The Costa Brava is quite a sight in some parts. We discovered that during a GPS walk along the coast, which was surprisingly rocky and steep at some spots. After the Olympics in ’92, all the  little villages along the coastline were connected via a 150 km walking path. It’s called the “Camí de Ronda” named after a pathway originally used by the Guardia Civil to protect the people against pirates from Corsica (hence the word Corsairs). All the old fortresses still in place are a nice testament to this history. It’s another very nice walk. The coastal cliffs, the trees that only seem to stop growing when they reach the water, the many little bays, the archways in the villages, the glittering sea and of course the many tanning beauties on the beach: there are worse places to go for a stroll. A lot of other activities on land or water can be organized here as well. The best organization to contact if you’re interested is Outdoor Empordà (www.outdoor-emporda.com).

 

Costa Brava Costa Brava
Costa Brava Costa Brava

 

We had our departure lunch in one of the more special venues of the trip: a family run hotel with a marvelous view over Calella de Palafrugell. Hotel Sant Roc (www.santroc.com) is situated on a cliff overlooking the sea and the village. The rooms are nice and cozy and the two meeting rooms can host around 70 people for events. The tree-shaded garden and the beautiful terrace made for a perfect decor to say goodbye to Catalonia. We’ll be seeing it again.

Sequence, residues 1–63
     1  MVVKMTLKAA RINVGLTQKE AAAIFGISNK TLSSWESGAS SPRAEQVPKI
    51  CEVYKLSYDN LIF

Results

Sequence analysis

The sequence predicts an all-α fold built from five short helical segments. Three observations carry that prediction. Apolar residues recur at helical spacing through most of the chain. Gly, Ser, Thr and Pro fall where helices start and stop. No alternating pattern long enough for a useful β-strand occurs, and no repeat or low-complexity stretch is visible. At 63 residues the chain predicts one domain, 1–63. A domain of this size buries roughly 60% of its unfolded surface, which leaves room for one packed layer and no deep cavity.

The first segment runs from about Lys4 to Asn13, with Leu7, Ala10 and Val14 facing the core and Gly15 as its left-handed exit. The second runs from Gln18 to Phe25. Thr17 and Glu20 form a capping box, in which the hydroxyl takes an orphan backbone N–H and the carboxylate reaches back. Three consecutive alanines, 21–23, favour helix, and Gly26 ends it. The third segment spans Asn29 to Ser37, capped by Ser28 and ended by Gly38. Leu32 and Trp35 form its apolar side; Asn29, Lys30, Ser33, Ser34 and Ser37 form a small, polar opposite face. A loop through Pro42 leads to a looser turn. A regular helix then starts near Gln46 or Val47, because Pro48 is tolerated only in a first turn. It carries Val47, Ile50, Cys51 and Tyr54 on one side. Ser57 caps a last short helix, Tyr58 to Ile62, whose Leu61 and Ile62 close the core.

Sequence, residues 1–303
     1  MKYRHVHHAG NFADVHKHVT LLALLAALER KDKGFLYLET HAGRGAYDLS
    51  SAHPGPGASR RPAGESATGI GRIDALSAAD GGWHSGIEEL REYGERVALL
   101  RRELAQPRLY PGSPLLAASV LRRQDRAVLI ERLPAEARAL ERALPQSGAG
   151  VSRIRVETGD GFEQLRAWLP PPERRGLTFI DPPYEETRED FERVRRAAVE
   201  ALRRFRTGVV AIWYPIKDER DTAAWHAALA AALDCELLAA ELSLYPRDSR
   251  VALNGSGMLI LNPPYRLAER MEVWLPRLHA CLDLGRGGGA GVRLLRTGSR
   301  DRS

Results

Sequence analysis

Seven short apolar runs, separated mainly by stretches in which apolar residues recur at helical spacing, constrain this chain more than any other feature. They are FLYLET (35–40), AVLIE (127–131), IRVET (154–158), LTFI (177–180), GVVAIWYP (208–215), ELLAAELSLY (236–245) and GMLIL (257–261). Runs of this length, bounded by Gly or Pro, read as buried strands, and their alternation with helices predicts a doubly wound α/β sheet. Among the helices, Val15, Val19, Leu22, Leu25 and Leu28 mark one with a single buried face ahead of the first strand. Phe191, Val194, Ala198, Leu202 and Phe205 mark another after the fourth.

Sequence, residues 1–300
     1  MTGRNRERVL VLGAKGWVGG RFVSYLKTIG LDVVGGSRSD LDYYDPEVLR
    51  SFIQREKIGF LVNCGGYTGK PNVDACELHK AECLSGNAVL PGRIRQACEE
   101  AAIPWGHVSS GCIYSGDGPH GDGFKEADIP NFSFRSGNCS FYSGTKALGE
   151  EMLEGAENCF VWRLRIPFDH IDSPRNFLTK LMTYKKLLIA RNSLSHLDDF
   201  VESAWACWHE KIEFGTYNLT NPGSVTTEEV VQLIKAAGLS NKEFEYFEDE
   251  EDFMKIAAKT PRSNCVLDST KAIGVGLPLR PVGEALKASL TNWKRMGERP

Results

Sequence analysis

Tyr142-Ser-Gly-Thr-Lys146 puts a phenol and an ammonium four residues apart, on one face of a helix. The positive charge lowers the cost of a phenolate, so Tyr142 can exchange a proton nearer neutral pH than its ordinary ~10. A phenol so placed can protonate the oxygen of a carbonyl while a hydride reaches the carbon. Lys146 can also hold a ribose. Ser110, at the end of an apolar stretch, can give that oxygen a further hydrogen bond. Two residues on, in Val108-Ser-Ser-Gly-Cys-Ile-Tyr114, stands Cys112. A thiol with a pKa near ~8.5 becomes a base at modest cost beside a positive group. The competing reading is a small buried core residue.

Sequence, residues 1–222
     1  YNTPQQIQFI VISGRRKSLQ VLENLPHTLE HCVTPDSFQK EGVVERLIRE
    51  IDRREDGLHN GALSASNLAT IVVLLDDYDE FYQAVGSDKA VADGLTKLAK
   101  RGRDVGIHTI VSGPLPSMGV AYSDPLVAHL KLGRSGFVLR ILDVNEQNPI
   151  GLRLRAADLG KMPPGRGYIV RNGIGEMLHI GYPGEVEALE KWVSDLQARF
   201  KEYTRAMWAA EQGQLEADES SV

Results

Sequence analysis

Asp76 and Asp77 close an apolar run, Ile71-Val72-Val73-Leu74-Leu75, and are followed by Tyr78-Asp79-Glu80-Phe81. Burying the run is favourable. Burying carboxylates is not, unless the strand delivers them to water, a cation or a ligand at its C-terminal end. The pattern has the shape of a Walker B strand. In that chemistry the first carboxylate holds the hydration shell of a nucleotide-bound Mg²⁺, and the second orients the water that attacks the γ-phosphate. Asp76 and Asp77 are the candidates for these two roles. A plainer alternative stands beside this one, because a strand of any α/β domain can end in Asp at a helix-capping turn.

The Verdict:

Catalonia is a versatile destination, especially for those looking for a more active programme or incentive. The Pyrenees and the Pre-Pyrenees offer a magical decor for walking, climbing, biking and skiing trips. Just a few hours away lies the Mediterranean. You could have a mountain as well as a beach trip with just a relatively short ride in between. The natural environment is at times simply stunning and houses a number of interesting venues of all types. Combine all of this with proximity and accessibility and you have a great destination for sporty or relaxing teambuilding sessions. And we didn’t even go to Barcelona!

For more info on the various possibilities of Catalonia, contact the Catalan Tourist board in Brussels via: promotion.bnl@act.cat or go to www.catalunya.com.

The flight we took was offered by Vueling (www.vueling.com).